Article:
GPs have been over-paid millions of pounds for patients who have moved practice, died or been forced to leave the country, according to a new report.
A one-year review by the Audit Commission identified more than 95,000 patients who needed removing from GP lists in England and Wales.
They included almost 30,000 patients who had moved to another practice (31% of the total), more than 32,000 who had died years before (34%) and almost 10,000 failed asylum seekers (10%).
Nearly 20,000 patients (21%) were also removed from lists after investigators found high numbers of people registered at the same property.
While it would not be unusual for 50 patients to be registered at a nursing home, 20 patients registered in one house would suggest inaccurate GP lists, they said.
Of those patients who had died but were still on GP lists at the time of the review in 2009/10, 157 died before 1980.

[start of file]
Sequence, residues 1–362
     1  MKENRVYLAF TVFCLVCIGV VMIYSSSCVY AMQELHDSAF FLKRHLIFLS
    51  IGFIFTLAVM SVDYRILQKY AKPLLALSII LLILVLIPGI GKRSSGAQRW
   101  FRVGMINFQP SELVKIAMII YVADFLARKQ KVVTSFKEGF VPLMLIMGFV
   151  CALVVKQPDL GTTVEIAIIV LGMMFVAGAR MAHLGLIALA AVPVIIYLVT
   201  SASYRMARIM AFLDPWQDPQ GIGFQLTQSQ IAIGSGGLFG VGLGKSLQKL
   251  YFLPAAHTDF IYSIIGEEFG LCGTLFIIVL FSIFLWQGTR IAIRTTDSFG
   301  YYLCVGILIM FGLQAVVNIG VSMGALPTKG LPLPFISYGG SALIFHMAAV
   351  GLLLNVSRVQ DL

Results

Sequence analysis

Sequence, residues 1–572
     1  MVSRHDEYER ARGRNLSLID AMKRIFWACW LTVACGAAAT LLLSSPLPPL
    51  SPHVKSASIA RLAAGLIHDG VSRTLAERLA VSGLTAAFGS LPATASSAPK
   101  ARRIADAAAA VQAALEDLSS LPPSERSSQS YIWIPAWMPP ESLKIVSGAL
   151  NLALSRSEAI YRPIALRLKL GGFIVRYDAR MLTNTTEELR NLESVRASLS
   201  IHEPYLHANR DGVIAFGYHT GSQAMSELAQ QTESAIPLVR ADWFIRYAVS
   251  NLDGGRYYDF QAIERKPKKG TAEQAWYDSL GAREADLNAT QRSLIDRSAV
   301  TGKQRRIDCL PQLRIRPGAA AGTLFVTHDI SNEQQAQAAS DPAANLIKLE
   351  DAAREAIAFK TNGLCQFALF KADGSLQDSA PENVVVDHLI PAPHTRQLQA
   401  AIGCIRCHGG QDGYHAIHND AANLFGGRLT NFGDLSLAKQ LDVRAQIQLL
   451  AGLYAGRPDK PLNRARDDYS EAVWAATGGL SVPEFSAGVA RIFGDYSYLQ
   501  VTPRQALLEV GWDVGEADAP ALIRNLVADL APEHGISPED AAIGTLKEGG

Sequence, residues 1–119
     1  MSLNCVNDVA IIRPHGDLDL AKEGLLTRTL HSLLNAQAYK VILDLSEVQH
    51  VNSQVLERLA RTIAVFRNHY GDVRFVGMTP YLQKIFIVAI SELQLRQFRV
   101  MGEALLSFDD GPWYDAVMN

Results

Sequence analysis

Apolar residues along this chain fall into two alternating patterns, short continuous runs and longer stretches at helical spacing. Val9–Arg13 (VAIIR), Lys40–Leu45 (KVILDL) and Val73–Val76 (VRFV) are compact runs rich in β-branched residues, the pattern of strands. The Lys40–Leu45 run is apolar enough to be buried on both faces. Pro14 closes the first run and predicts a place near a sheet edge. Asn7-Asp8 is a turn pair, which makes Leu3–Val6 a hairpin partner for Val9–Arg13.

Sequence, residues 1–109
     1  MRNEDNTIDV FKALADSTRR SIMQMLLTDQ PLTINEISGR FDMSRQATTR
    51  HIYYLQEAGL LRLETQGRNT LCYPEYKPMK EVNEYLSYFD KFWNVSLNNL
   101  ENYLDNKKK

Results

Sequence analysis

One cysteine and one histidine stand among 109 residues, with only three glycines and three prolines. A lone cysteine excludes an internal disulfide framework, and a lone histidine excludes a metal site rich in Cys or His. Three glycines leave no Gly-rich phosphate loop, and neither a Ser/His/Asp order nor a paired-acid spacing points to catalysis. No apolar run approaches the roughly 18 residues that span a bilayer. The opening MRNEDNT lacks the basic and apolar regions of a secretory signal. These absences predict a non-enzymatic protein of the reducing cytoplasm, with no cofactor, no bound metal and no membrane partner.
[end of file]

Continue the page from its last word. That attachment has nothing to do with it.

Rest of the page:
They included one patient whose GP continued to be paid for their care for around 40 years despite the fact they died in 1969. A further 335 patients had been on lists for up to 30 years despite dying between 1980 and 1990, while another 429 had died between 1990 and 2000.
Inaccurate GP lists can mean some practices receive more than their fair share of funding, while others miss out.
When patients move to another practice, failing to remove them from an existing list can also mean two GPs being paid for one patient's care.
GP practices are paid £64.59 for each patient on their list. The report - known as the National Duplicate Registration Initiative - said the removal of more than 95,000 "ghost patients" meant the NHS had been able to save more than £6.1 million in one year.